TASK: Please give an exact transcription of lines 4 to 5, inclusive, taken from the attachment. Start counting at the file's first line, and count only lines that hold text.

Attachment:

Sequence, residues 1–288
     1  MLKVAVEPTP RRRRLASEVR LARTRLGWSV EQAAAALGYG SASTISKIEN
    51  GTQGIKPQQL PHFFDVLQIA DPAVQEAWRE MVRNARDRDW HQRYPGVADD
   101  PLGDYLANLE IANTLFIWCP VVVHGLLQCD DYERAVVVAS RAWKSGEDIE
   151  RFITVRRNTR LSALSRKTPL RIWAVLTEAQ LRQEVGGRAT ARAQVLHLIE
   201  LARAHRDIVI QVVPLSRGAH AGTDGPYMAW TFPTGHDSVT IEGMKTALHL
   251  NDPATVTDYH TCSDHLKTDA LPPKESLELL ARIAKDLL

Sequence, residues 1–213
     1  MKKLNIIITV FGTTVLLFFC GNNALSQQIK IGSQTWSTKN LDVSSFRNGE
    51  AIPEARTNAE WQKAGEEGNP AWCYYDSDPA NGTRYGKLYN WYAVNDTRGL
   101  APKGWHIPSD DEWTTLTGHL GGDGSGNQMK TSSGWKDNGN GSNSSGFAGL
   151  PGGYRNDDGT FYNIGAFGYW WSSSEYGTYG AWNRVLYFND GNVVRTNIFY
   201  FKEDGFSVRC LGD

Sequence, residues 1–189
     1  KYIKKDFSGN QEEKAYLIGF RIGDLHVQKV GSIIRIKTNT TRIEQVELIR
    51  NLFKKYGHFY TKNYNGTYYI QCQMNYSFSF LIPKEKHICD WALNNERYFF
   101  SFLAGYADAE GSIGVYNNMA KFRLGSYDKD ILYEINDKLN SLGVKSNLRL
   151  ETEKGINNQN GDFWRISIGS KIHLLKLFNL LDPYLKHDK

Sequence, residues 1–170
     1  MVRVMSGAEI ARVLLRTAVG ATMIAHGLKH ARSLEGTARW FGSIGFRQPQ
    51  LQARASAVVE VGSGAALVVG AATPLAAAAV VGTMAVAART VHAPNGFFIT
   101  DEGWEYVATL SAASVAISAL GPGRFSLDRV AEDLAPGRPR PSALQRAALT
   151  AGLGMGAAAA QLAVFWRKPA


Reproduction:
   101  PLGDYLANLE IANTLFIWCP VVVHGLLQCD DYERAVVVAS RAWKSGEDIE
   151  RFITVRRNTR LSALSRKTPL RIWAVLTEAQ LRQEVGGRAT ARAQVLHLIE